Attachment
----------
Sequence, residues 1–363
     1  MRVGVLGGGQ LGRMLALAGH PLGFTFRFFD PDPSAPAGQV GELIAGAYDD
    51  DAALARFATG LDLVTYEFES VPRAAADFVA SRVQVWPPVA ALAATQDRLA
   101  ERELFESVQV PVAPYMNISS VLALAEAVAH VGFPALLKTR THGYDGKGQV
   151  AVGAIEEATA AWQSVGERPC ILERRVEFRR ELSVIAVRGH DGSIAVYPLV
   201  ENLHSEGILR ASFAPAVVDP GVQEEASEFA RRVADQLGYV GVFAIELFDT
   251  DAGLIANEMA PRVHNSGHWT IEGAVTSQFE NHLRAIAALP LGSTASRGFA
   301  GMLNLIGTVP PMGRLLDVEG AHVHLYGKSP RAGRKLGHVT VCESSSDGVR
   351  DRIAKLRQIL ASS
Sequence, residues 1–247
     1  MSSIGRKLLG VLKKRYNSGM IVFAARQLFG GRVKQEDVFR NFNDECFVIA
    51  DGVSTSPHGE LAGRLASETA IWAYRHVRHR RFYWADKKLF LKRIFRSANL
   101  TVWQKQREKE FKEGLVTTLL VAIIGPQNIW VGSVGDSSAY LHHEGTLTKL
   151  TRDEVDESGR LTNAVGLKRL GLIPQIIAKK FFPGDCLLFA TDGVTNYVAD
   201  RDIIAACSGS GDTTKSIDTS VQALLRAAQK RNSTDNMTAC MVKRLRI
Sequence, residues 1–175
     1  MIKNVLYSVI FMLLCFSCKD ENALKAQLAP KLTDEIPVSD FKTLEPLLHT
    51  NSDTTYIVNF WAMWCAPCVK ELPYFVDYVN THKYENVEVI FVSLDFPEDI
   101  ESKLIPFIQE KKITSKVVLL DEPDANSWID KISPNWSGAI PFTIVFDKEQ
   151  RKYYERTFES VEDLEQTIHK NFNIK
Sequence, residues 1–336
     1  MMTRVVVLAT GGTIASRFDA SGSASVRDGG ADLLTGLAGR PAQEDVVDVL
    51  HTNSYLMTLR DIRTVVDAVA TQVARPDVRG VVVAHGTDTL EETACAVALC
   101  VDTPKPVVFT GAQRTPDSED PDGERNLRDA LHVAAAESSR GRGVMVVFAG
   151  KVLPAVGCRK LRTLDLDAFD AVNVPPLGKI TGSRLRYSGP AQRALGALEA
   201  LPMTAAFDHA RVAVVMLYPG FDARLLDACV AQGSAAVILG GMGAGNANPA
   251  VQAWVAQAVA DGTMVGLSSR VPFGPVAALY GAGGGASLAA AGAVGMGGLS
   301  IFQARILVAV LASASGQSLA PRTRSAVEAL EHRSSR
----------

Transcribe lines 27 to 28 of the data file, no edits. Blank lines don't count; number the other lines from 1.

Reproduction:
   251  VQAWVAQAVA DGTMVGLSSR VPFGPVAALY GAGGGASLAA AGAVGMGGLS
   301  IFQARILVAV LASASGQSLA PRTRSAVEAL EHRSSR